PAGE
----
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Iran Denies Proposing Plan to End Nuclear Crisis

Iran's top negotiator dismisses as "baseless" a report that Iran proposed a nine-step plan over its nuclear program.
By Elad Benari
First Publish: 10/7/2012, 5:31 AM

Iran's top nuclear negotiator Saeed Jalili and EU foreign affairs chief Catherine Ashton
Iran's top nuclear negotiator Saeed Jalili and EU foreign affairs chief Catherine Ashton
AFP/Bulent Kilic

Iran's top negotiator, Saeed Jalili, on Saturday dismissed as "baseless" a report that Iran has proposed a nine-step plan to the world powers over its nuclear program.

"No new proposal outside the framework of the Group 5+1 (the five permanent UN Security Council members plus Germany) has been raised at the recent UN meeting and the allegations of some US media in this regard are groundless," Jalili, who is also the secretary of Iran's Supreme National Security Council, said, according to the Fars news agency.

Earlier, Iran's Deputy Chief Negotiator Ali Baqeri in similar remarks rejected the reports, alleging that Iran has changed its proposals to the West, and underscored that the framework of Iran's proposal has not changed compared with the package presented to the world powers in Moscow.

"Iran presented its desired framework in Moscow and it has presented a more detailed explanation of its proposals for the Group 5+1 after the talks (in Moscow)," the deputy chief negotiator reiterated, Fars reported.

Baqeri said Tehran is waiting for the world powers' response to its proposal which was presented in the Moscow talks in June, adding that the response would pave the way for future talks between the two sides.

"A constructive response by the Group 5+1 to these proposals can pave the ground for the start of a new round of talks between Iran and G5+1," he said.

The New York Times reported on Friday that Iran offered a “nine-step plan” to defuse tensions over its unsupervised nuclear program, but the compromise offer was rejected by the United States.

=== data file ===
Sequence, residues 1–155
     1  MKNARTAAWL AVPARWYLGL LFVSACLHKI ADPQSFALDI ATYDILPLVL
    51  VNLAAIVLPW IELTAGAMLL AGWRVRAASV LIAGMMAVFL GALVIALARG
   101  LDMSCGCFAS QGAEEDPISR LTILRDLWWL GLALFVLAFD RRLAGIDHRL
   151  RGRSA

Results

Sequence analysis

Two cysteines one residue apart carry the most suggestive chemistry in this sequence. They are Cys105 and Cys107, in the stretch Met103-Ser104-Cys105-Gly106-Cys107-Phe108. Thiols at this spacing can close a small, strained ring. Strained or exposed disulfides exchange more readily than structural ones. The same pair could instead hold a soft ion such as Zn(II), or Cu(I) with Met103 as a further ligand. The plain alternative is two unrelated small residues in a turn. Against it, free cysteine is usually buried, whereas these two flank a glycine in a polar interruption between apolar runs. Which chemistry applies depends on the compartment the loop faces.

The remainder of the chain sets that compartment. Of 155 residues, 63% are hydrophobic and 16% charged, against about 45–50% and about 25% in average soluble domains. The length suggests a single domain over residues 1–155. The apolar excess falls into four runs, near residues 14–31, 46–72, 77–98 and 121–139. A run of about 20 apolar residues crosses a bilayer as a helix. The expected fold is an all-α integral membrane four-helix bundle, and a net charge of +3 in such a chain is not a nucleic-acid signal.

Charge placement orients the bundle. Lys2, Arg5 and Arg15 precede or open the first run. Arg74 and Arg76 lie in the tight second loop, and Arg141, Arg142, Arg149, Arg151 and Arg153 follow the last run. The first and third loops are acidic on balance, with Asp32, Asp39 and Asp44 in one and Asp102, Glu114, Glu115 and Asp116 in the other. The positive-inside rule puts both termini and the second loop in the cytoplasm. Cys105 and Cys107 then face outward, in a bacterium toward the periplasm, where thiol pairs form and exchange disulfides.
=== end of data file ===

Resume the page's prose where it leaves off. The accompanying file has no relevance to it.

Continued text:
American officials reported said the proposal required too much from the West, including a complete end to sanctions.

The proposal would see the U.S. and Europe gradually end sanctions while Iran would end work at one of two sites where uranium is being enriched to 20 percent. Once all sanctions have ended, Iran would “suspend” work on medium-enriched uranium at the second site.

EU foreign affairs chief Catherine Ashton recently called on Iran to take urgent action to allay mounting international concerns over its nuclear drive.

She made the comments after talks with the foreign ministers of Britain, China, France, Germany, Russia and United States, during which she updated them on her talks with Jalili in Istanbul. Last month, Ashton and Jalili met behind closed doors at the Iranian consulate in Istanbul.

UN ambassadors for the United States, Britain and France have warned that time is running out for a negotiated settlement with Iran. Britain, France and Germany have officially called for new European Union sanctions against Iran over its nuclear program.